Shirt numbers were brought into football in 1928, to make the indication of positions easier.
However, they have evolved to become iconic symbols of football legends past and present, and the mere sight of the digits on the shirt can are enough to raise the hairs on the back of your neck.
They have been used to differentiate between legends – R9 for Ronaldo and CR7 for Cristiano Ronaldo.
They have been retired to commemorate legends from Bobby Moore’s legendary No.6 at West Ham, to Jude Bellingham’s number No.22 at Birmingham City.
However, for Chelsea’s Champions League winner Kai Havertz, his number is particularly special.
Whilst the No.29 is not a common number for star players and club record signings, Havertz explained why it has special meaning in an interview with The Athletic.
“When I was young I always used to play FIFA or Pro Evolution Soccer with my brother,” he said.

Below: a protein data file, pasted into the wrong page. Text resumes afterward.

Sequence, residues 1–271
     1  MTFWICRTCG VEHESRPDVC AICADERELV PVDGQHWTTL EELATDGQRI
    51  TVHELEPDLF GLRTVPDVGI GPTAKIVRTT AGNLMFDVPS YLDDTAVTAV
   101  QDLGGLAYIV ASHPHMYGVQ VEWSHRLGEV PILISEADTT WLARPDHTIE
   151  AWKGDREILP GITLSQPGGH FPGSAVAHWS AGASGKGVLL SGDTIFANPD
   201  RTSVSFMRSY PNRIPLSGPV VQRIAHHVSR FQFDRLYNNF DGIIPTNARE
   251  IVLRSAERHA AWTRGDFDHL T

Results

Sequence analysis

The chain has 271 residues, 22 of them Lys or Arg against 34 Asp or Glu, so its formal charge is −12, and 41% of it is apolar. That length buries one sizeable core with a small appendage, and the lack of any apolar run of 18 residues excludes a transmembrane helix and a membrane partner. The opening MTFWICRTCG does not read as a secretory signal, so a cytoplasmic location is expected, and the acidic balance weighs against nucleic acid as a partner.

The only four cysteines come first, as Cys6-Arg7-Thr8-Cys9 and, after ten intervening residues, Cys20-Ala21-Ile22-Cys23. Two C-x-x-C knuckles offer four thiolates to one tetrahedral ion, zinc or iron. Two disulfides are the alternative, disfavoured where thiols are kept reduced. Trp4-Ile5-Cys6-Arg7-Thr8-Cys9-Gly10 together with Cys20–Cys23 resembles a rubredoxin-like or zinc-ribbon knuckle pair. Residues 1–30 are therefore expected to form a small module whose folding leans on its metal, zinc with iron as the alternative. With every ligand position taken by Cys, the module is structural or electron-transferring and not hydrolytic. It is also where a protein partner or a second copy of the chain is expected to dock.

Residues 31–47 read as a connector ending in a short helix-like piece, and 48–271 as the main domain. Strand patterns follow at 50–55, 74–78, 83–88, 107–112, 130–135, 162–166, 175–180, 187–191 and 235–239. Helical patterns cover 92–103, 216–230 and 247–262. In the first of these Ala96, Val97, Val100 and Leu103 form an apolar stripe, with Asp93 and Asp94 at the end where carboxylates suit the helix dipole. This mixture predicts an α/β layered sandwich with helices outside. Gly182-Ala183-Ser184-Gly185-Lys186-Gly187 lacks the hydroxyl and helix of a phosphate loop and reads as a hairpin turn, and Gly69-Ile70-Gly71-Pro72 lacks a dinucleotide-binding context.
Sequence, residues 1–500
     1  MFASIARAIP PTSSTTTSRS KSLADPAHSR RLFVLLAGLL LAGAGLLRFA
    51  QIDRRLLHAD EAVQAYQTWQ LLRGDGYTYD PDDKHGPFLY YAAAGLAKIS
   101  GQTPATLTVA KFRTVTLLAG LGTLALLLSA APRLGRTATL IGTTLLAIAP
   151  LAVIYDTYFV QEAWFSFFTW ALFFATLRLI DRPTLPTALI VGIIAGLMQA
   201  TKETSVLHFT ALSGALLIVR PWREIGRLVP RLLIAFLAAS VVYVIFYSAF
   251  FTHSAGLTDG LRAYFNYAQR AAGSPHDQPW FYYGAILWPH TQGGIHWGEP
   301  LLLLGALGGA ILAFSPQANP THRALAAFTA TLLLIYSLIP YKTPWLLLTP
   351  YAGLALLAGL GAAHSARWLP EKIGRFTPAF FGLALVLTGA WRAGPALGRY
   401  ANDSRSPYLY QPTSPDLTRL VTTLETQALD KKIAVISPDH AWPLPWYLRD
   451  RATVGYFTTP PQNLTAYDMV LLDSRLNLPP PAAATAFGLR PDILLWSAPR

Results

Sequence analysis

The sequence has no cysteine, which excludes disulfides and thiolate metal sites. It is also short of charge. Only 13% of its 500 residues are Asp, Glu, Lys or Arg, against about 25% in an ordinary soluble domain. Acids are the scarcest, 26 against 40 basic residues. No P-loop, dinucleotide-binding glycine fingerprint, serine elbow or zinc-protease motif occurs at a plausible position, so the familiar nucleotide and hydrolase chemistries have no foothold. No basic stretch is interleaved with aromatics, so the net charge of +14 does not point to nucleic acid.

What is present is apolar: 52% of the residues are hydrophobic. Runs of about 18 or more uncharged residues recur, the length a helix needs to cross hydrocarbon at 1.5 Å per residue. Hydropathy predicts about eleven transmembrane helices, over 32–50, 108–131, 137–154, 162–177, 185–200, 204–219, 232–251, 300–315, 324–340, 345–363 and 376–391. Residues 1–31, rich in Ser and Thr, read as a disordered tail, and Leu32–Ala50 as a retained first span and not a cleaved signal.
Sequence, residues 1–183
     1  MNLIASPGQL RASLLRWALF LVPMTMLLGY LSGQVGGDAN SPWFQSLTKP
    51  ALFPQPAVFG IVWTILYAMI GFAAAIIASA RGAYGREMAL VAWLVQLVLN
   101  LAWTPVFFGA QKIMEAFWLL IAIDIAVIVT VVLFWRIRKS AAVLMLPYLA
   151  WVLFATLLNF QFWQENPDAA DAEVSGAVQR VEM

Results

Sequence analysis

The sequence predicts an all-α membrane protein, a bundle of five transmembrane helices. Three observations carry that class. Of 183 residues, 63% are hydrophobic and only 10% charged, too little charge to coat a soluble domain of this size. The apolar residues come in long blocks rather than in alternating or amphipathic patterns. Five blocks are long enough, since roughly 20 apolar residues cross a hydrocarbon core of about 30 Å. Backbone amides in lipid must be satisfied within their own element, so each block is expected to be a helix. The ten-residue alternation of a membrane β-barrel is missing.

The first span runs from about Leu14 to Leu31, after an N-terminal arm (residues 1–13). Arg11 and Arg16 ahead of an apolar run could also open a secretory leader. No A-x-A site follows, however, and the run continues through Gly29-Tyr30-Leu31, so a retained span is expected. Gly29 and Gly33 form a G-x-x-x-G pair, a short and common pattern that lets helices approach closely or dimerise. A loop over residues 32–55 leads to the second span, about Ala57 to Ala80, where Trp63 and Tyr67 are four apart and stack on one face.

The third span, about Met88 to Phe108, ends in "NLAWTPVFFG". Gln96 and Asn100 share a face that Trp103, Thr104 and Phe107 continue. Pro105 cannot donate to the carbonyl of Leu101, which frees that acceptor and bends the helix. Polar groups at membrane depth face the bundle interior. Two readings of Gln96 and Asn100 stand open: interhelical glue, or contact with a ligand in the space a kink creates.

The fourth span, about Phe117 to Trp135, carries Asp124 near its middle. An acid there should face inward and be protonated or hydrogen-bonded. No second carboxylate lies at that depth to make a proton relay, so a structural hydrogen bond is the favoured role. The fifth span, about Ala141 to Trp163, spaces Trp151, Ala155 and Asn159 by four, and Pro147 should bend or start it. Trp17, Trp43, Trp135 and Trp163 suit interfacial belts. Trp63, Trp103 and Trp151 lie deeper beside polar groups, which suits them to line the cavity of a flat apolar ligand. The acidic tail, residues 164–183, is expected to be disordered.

“We always made ourselves in the game. My brother always put No 29 on his shirt.
“When I came to the professional game and Leverkusen asked me what number I wanted to have, I asked them which numbers were free. When they said 29, I said I’d take it because of my brother.
“Sometimes it’s lucky for me, sometimes not, but I like the number and now I think everybody knows me for it.”
The entire Manchester City defence probably shiver at the sight of the No.29.
Afterall, it would have been the last thing they saw before the young German star bounded past their back four like a Gazelle, and rounded Ederson to score the goal that won the Champions League for Chelsea.
That one moment of brilliance has arguably enshrined the 22-year-old as a Chelsea legend, but the previous occupant of the number did not enjoy the same luck.
Alvaro Morata swapped his original No.9 shirt at Chelsea and went for the No.29 shirt.
Unfortunately, his fortunes did not change, as the Spaniard was soon sent on loan to Atletico Madrid.
Havertz faced similar struggles but finished last season very strongly for the Blues.